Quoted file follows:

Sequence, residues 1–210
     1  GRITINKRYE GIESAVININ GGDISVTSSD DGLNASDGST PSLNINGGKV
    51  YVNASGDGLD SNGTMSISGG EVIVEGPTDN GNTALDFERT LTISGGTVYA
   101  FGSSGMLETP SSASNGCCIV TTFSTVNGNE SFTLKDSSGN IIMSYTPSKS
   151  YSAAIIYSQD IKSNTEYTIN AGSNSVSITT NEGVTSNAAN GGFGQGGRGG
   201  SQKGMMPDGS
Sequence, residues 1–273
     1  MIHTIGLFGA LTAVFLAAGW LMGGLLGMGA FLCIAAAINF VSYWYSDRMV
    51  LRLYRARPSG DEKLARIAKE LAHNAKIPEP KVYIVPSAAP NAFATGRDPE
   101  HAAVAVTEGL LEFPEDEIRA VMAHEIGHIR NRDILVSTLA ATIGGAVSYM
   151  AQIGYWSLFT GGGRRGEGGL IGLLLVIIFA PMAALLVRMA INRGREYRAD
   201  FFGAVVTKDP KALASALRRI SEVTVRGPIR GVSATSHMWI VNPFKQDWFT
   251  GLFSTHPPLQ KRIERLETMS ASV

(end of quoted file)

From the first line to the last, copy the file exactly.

Sequence, residues 1–210
     1  GRITINKRYE GIESAVININ GGDISVTSSD DGLNASDGST PSLNINGGKV
    51  YVNASGDGLD SNGTMSISGG EVIVEGPTDN GNTALDFERT LTISGGTVYA
   101  FGSSGMLETP SSASNGCCIV TTFSTVNGNE SFTLKDSSGN IIMSYTPSKS
   151  YSAAIIYSQD IKSNTEYTIN AGSNSVSITT NEGVTSNAAN GGFGQGGRGG
   201  SQKGMMPDGS
Sequence, residues 1–273
     1  MIHTIGLFGA LTAVFLAAGW LMGGLLGMGA FLCIAAAINF VSYWYSDRMV
    51  LRLYRARPSG DEKLARIAKE LAHNAKIPEP KVYIVPSAAP NAFATGRDPE
   101  HAAVAVTEGL LEFPEDEIRA VMAHEIGHIR NRDILVSTLA ATIGGAVSYM
   151  AQIGYWSLFT GGGRRGEGGL IGLLLVIIFA PMAALLVRMA INRGREYRAD
   201  FFGAVVTKDP KALASALRRI SEVTVRGPIR GVSATSHMWI VNPFKQDWFT
   251  GLFSTHPPLQ KRIERLETMS ASV